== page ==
It was an exceptional Father's Day for Roger Reedy, of Crofton. Two of three triplets born to Reedy and his wife, Donna, came home Sunday, officials at Johns Hopkins Hospital in Baltimore said.

Julianne and Jillian Reedy were allowed to go home, but their brother, Jared, will spend a few more days in the hospital, a hospital spokeswoman said. The triplets, who were born April 30, were the first born in the hospital's in vitro fertilization program.

Roger Reedy has a daughter from a previous marriage, but the couple wanted another child. After surgery to open blocked fallopian tubes failed, Donna Reedy underwent the in vitro process.

When born, the babies ranged from 2 pounds 2 ounces to 2 pounds 13 ounces. They now weigh from 3 pounds 13 ounces to 4 pounds 9 ounces, hospital officials said.

Roger Reedy said the triplets mean he probably is going to have to give up his five-seat car.

"What we really need now," Reedy said, "is one minivan."

Police on Fitness Patrol

The 1940s Hollywood image of the typical cop was a caricature of a big-bellied, heavy-smoking flatfoot. But some Maryland police departments are out to change the image for good.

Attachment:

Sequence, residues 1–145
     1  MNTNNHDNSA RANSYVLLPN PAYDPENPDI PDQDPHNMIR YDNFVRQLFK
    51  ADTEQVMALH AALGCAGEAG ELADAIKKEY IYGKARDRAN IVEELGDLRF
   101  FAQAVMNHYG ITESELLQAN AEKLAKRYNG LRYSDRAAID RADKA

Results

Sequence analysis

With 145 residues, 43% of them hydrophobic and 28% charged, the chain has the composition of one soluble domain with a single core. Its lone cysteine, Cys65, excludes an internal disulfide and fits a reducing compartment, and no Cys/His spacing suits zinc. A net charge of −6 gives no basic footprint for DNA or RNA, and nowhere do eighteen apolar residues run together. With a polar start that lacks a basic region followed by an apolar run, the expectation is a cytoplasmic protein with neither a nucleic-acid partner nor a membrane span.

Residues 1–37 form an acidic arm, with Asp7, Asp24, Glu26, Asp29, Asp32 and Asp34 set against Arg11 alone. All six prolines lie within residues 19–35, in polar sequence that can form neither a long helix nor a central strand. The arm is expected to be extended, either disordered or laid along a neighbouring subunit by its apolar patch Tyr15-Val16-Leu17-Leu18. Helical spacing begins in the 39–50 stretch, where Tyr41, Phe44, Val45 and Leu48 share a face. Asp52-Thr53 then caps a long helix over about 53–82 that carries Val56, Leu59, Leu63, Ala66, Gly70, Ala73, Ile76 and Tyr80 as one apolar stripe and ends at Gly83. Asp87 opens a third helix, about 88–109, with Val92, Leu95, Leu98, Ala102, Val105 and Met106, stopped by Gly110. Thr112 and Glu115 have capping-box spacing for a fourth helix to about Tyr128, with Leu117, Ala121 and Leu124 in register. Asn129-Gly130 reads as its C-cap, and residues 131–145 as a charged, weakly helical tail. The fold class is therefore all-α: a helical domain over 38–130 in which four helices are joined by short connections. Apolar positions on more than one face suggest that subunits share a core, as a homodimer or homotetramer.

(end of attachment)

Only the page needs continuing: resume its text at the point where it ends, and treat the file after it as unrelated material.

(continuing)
The newest catchword in law enforcement these days is fitness, and the Maryland State Police and police departments in Howard and Anne Arundel counties are developing fitness standards for veteran officers.

"This is a relatively new area, and we are going to have to reinvent the wheel," said Lt. George H. Hall, director of planning and research for the state police.

The most common health dangers for officers are heart disease and hypertension, Hall said, a reflection of a career that involves spending 90 percent of the time sitting in a patrol car and the rest in anxiety-packed situations.

It also is a profession conducive to eating fatty fast food on the run and chain-smoking, Hall added.

Howard County Police Chief Frederick W. Chaney said his department is developing physical fitness standards for recruits and that a fitness program will be phased in to cover veterans.

This fall, the department plans to consider some prohibitions on smoking by officers once the fitness standards are developed.